Where are our central archives and a museum for LGBT?

Have we a definitive Archive?


The LGBT society is diverse in more ways that the obvious; but for most of us our history is passing us by and no one is recording it for the future in a cohesive way.

A number of organisations/groups have collected or put together archives, e.g.





Others which are held in the London School of Economics (http://www2.lse.ac.uk/library/archive/holdings/lesbian_and_gay_archives.aspx ).  Then there is LAGNA (Lesbian and Gay Newsmedia Archive) which is based at The Bishopsgate Institute in the City of London (http://www.lagna.org.uk/ )


The National Archives – Gay and Lesbian History (http://www.nationalarchives.gov.uk/records/research-guides/gay-lesbian.htm )


Plymouth LGBT Archive – (http://plymlgbtarchive.org.uk/ )


The BBC Archive (http://www.bbc.co.uk/archive/gay_rights/ )


The British Library which holds some Manchester LGBT publications, such as complete sets of Mancunian Gay, 1981-1986, Gay Life, 1986- and Scene Out, 1989- – but to find out more you will have to search on the website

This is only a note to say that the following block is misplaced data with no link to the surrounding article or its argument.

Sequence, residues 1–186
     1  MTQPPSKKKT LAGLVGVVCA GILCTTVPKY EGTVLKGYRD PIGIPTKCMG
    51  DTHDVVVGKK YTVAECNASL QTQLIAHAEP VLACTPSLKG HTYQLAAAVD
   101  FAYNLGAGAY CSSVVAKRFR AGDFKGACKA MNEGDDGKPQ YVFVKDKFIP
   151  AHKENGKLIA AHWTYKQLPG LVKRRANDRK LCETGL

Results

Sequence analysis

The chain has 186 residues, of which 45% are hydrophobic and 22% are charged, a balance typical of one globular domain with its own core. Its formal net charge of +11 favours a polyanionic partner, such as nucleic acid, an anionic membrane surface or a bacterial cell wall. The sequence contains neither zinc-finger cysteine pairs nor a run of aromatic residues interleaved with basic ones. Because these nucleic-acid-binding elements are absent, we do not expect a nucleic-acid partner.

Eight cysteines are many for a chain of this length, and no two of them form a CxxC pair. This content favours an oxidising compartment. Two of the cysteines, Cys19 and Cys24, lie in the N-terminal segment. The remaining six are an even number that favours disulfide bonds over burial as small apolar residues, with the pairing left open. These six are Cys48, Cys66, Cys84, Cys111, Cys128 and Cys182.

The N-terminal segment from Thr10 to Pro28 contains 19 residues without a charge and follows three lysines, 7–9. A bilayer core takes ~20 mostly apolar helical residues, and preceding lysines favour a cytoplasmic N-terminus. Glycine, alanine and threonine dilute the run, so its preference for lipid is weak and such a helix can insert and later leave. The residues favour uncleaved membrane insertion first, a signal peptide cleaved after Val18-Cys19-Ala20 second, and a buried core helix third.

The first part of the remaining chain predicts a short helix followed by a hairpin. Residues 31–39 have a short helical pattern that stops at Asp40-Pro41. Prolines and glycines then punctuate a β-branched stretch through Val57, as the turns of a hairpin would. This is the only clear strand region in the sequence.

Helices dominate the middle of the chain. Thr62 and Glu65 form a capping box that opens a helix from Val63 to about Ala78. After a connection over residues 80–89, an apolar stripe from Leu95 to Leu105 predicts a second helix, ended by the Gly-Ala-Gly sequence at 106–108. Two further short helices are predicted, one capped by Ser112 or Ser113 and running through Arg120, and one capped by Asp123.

I am positive the list goes on, indeed I have just read an interesting article by Ed Madden ‘The Irish Queer Archive: Institutionalisation and Historical Narrative’ (http://lgbtialms2012.blogspot.co.uk/2012/07/ed-madden-irish-queer-archive.html#more )

It refers to the National Library of Ireland officially accepting the Irish Queer Archive into its care. I think the speech delivered by Colm Toibin states clearly the benefits of this move, “This establishes that an understanding of our history, the history of gay women and men’s struggle for liberation, is as essential in understanding contemporary Ireland as the history of the women’s movement, or the labour movement, or the Fianna Fáil party” (28).  The transfer made it clear, he said, that the National Library “understands the importance of our story as part of the national story”

I am certain that numerous studies by learned people are being undertaken into LGBT history both in Ireland and Great Britain, but wouldn’t it be much more informative and useful to have a properly constructed museum for our history with a developed set of programmes that we can all visit. Even better would be to have our own museum which is able to develop a traveling exhibition so that we are no longer treated as second class citizens.


What do you think? 

Write and let us know now!

Other archive lists:

  1. http://archiveshub.ac.uk/search/search.html